Entry from June 29, 2011

This summer I am presenting on behalf of the Ethics and Public Policy Center and the Hudson Institute in Washington a series of five films on the general theme of Heaven. The films are being shown at the Hudson Institute, 1015 15th Street N.W., Suite 600, and you can go to the EPPC or Hudson websites for details or to register to attend. The series opened on Tuesday, June 28th with a screening of Heaven Can Wait (1943) by Ernst Lubitsch, starring Don Ameche, Gene Tierney and Charles Coburn. Before showing the film, I spoke for a few minutes about the series in general and this movie as follows.

Welcome to the first of this year’s movie series, co-sponsored by the Ethics and Public Policy Center and the Hudson Institute in the person of Bill Schambra, whom we thank for the use of these splendid facilities. I hope you have all found the popcorn and pizza and other snacks on the tables at the back and that, if you can, you will stick around for a little while after the movie to take part in the discussion that is the standard operating procedure for these film series, which are now in their fifth year. I would also remind you at this time to please turn off your cell-phones and any other electronic noise-makers you may have in your possession.

This year’s series on Heaven begins in Hell. Or at least in Hell’s antechamber as imagined by Ernst Lubitsch’s Heaven Can Wait of 1943. There, the recently deceased but still elegantly turned-out gay-‘90s roué Henry Van Cleve, played by Don Ameche, is asking the splendidly Mephistophelean figure of Laird Cregar, known only as His Excellency, to be admitted. The word “roué” originally meant someone who had been broken upon the wheel, an instrument of torture, and no one is entirely sure how it came to signify an aged womanizer like Henry. But when we first meet him, he is most remarkable for his humility. He has something of the air of one who has indeed been broken, spiritually anyway, upon a wheel. “If you meet our requirements, we’ll be only too glad to accommodate you,” says His Excellency. “Would you be kind enough to mention, for instance, some outstanding crime you’ve committed?”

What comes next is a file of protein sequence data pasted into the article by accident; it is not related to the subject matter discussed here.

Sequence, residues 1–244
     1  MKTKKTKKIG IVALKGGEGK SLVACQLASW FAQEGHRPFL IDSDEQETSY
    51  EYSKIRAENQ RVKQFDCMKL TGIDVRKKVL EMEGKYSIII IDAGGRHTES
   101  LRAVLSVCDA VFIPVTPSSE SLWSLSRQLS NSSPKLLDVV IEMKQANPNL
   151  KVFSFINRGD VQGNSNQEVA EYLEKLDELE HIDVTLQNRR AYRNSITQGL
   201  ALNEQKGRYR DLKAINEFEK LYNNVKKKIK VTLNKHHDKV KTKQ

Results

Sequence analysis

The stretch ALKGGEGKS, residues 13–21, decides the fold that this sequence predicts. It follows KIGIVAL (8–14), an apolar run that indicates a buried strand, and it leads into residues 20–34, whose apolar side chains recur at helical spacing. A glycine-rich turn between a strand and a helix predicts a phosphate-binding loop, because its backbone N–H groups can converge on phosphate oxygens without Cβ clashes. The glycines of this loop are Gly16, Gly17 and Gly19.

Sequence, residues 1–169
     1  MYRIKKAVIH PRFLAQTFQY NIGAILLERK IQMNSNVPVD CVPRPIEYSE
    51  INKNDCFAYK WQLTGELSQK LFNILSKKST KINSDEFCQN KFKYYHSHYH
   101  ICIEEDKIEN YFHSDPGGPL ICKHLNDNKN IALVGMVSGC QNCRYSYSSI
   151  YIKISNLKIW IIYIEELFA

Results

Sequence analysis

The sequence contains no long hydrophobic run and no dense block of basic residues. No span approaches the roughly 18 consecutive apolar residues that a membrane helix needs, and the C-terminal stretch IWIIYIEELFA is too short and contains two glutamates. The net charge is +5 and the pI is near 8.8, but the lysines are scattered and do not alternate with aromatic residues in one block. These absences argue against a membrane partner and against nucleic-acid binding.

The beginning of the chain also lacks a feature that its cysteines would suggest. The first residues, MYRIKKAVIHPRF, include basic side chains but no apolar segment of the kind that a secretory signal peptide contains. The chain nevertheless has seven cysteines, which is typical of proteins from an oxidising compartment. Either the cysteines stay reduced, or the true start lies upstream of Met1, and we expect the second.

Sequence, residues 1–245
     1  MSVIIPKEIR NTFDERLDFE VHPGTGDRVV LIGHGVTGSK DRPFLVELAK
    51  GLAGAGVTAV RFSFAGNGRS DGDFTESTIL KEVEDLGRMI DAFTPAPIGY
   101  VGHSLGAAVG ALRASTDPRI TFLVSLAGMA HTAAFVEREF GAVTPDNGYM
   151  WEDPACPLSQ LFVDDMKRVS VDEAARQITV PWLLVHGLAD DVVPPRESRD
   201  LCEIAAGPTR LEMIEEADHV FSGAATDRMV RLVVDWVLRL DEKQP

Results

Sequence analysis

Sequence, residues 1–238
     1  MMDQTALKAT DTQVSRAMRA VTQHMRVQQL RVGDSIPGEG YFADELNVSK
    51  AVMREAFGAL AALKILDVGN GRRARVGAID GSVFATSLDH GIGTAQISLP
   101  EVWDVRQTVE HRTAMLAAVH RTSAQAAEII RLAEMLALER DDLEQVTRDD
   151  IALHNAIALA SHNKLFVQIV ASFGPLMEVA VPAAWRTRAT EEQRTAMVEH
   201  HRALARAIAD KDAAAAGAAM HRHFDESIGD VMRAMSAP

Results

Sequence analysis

“Crime?” says Henry. “Well, I’m afraid I can’t think of any. But I can safely say that my whole life was one continuous misdemeanor.” However continuous his misdemeanors they are not, as I think we are meant to realize immediately, going to be enough to qualify Henry for the infernal pit — even though a touch of vanity about her youthful-looking legs is apparently enough to damn forever the boring Mrs Edna Craig (Florence Bates). Or that and the fact that she is boring. For we sense at once that we are in the midst of something like that aristocratic milieu in which, as Edmund Burke said of pre-revolutionary France, vice lost half its evil by losing all its grossness. It makes perfect sense in such a world to think that the only unforgivable sin is a failure of charm and good manners — and taking oneself too seriously.

Ernst Lubitsch, the director of the film and the originator of the famed “Lubitsch touch,” was already a legend in Hollywood at the time Heaven Can Wait was made in 1943, as he remains today, and he collaborated in this film with the screenwriter Samson Raphaelson, who wrote several other movies for Lubitsch’s direction including The Shop Around the Corner, which we saw in the second summer film series on love and romance, and Trouble in Paradise. Both of these movies are, like Heaven Can Wait, American adaptations of gently humorous plays of Hungarian provenance which show the traces of their origins in the pre-1914 Habsburg empire with its hierarchical assumptions, aristocratic manners and tolerant, gently humorous approach to human frailty: it’s the world of Richard Strauss and Hugo von Hoffmannsthal’s Der Rosenkavalier.